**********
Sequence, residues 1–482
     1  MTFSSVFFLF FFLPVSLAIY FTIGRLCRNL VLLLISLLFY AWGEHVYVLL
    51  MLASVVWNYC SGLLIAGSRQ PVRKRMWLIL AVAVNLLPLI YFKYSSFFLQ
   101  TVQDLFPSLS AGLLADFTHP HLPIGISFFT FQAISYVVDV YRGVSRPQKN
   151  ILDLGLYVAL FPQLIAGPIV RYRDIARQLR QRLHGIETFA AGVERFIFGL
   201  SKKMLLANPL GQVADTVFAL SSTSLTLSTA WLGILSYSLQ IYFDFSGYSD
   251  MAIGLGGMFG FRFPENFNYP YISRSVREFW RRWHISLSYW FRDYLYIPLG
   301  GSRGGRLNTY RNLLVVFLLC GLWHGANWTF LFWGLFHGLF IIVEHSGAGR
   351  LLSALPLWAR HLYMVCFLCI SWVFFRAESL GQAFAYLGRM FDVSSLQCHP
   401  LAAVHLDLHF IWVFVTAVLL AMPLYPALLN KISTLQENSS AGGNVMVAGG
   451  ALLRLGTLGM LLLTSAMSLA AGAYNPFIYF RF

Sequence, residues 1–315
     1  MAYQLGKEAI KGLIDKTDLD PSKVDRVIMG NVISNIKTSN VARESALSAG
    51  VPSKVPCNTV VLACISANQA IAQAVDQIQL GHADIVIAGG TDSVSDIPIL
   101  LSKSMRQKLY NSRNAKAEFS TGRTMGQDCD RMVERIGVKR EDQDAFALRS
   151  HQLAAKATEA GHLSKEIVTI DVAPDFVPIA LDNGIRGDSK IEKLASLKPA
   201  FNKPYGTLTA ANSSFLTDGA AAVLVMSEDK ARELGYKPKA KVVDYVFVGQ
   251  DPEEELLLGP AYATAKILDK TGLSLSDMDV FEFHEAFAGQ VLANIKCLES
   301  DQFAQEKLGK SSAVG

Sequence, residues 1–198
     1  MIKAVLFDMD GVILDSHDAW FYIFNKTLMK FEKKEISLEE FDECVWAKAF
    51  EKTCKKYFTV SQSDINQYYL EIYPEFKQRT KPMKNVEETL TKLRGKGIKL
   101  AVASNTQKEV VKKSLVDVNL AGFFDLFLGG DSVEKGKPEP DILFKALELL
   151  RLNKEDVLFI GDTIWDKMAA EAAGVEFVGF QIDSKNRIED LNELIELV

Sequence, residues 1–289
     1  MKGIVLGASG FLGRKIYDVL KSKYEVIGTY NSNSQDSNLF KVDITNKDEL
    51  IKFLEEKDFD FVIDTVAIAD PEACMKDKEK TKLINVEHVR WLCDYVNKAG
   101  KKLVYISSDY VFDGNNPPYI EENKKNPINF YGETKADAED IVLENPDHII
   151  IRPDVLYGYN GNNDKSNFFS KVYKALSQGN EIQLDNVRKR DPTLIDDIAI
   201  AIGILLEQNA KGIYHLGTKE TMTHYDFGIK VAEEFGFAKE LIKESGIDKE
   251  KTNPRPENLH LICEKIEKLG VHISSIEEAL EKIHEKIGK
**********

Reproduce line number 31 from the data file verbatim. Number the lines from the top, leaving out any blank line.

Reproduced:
   251  KTNPRPENLH LICEKIEKLG VHISSIEEAL EKIHEKIGK